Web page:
If there is one thing in this country that is NOT partisan it's taxpayers' dimes.  I actually think if Romney campaigned in CA merely on public pension reform, he would actually turn the big blue state red again, something that hasn't happened since Bush I.  IF you want proof, just look at the recent elections in San Diego and San Jose, hardly "conservative" wins.

Another thing that is not partisan is sincere goverment help for those truly in need.  But enough is enough.  Obama has DOUBLED the goverment, and tripiled the waste.  When we start seeing food stamps being sold on Craigs list and Welfare debit cards being used to pay for everything from stippers to Carribean Cruise Vacations, we know that entitlement and abuse has gone too far.

Heck, our own president jsts in his barber from Chicago every two weeks, his pizza chef,  and thinks nothing of using our hard earned tax money to use two planes and two secret service crews for his own lavish family vacations.  How can we expect a country to not indulge when our celebrity in chief, in between his 100 rounds of golf, taxpaper record breaking campaiging, and dinners with the "one percent"  shows us the way? 

Private Sector creates jobs, period.  But that's more and more difficult under an administration that continues to stymy everything from small business (responsible for 75% of new jobs) to oil and gas jobs that are a "no go" all due to excessive politicial serving regulations. 

Our educaiton system is an overpriced cesspool.  From our "5 star overpriced" colleges (thanks to easy unaccountable money via government subsides), to our "indoctrination" high schools (the latest being Planned Parenthood imposed in the LA School District), our best hope for our public educated kids are sex videos and a reality show.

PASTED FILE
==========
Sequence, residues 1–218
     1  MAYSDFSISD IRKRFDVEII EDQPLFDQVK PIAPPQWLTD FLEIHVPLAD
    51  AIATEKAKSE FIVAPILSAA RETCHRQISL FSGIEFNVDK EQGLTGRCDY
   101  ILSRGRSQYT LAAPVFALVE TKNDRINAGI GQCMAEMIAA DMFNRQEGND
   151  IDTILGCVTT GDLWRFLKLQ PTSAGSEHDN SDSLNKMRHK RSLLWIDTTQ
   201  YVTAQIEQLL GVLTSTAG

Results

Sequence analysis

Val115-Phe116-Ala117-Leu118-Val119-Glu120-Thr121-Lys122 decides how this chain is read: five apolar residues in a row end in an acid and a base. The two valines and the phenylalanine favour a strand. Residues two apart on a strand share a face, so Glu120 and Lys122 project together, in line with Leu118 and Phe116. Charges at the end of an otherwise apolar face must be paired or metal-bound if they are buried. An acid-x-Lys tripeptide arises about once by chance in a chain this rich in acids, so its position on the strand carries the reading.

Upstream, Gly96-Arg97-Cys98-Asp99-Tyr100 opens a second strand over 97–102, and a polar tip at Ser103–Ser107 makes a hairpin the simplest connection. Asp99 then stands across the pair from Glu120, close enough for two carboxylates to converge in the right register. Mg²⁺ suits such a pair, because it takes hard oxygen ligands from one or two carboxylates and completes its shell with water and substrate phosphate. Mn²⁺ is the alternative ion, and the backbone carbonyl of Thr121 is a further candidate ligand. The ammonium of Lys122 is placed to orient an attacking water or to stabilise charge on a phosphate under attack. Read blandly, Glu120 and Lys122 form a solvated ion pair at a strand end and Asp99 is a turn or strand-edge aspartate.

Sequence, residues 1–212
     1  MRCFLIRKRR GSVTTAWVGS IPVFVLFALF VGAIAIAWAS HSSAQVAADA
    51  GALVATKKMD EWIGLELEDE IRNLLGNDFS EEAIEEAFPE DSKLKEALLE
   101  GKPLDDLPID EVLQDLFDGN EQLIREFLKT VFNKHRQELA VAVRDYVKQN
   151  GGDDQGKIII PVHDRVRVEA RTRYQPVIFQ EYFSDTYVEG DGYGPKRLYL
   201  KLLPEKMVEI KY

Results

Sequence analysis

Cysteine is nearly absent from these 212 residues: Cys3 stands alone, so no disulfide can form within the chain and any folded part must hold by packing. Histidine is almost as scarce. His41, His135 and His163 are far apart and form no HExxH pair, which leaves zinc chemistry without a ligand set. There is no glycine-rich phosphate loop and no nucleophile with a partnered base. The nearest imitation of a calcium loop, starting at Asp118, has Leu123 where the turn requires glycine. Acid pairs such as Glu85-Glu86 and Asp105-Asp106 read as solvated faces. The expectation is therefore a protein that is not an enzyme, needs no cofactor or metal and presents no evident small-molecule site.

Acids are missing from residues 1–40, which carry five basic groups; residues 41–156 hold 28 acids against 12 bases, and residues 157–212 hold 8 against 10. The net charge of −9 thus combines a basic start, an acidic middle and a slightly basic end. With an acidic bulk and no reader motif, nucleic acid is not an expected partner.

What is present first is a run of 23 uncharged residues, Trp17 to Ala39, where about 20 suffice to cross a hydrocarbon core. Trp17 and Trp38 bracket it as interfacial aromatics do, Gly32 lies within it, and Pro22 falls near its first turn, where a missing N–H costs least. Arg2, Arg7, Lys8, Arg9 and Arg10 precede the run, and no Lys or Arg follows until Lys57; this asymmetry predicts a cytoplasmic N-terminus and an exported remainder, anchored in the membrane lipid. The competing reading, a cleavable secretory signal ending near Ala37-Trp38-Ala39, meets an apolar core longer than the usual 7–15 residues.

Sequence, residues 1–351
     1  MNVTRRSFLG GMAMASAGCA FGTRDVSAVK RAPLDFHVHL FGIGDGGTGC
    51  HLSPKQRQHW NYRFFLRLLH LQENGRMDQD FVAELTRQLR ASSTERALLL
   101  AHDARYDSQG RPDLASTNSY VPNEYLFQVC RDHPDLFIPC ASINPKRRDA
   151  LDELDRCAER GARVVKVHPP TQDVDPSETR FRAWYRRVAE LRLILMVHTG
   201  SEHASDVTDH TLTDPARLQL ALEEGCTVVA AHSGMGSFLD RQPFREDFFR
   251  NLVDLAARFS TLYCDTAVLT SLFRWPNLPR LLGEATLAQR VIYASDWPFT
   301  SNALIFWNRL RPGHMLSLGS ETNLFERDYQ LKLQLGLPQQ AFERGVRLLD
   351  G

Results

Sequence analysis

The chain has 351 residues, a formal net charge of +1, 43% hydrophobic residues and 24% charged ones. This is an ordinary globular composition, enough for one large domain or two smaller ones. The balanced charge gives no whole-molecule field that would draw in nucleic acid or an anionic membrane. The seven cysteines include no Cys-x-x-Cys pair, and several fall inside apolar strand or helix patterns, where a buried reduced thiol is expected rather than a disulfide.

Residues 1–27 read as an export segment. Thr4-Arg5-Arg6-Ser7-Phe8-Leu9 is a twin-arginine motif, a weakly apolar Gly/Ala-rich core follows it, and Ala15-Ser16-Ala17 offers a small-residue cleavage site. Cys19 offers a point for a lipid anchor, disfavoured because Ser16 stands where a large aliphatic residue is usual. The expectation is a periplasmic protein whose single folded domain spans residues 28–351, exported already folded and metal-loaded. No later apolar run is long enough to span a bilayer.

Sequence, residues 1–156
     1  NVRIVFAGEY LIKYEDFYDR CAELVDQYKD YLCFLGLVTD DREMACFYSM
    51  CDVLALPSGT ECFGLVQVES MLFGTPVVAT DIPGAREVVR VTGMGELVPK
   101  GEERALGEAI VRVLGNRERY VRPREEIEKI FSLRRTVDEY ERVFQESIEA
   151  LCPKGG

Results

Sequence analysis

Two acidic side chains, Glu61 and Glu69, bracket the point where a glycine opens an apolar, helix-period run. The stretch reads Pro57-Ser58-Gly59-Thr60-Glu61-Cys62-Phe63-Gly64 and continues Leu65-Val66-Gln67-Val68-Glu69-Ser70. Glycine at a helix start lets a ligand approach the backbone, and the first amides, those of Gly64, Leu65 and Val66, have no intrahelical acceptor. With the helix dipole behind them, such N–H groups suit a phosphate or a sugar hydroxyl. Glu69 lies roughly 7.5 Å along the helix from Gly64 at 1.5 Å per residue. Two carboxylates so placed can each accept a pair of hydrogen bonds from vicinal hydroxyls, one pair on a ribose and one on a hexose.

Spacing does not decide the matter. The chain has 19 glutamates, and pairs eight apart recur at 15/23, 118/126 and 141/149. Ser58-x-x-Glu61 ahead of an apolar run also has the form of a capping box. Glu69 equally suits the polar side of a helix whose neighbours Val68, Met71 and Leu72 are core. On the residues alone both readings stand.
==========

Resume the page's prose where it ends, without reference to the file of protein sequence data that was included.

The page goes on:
I could write volumes on taxpayer wasted money, from Solyndra to lavish government employess taking million dollar "vacation" meetings on our dime.  Again, no reasonable person would object to helping the truly needy, but that's no longer what this nation represents.  If we don't vote out Obama this election, we are more than likely doomed to a nation of dependent entitlement, that punishes hard work and success and rewards laziness and corruption. 

As Catholics, we more than any have an obligation to move this country into a direction of agape love, which is self sufficieny, personal success, and religous freedom, now less than a generation away from extinction.  The number one job of government is to protect us, and I'm not talking about salt and Big Gulp 7-11 sodas; I'm talking about are own worst self, which is deep within all of us when nanny goverment cons us into false security, or punishes success to the extent that there is no alternative than to "line up and shut up."

Even if you are or were an Obama supportor, and even if you buy into the cry baby "blame Bush" scenario, only a non objective person could fail to admit, that by Obama's own admisstion, he is unable to help us out of the "big ditch."

By choice or inexperience, Obamanomics not only isn't working, but is unsustainable.  To quote Margaret Thatcher, "sooner of later the people paying run out of money."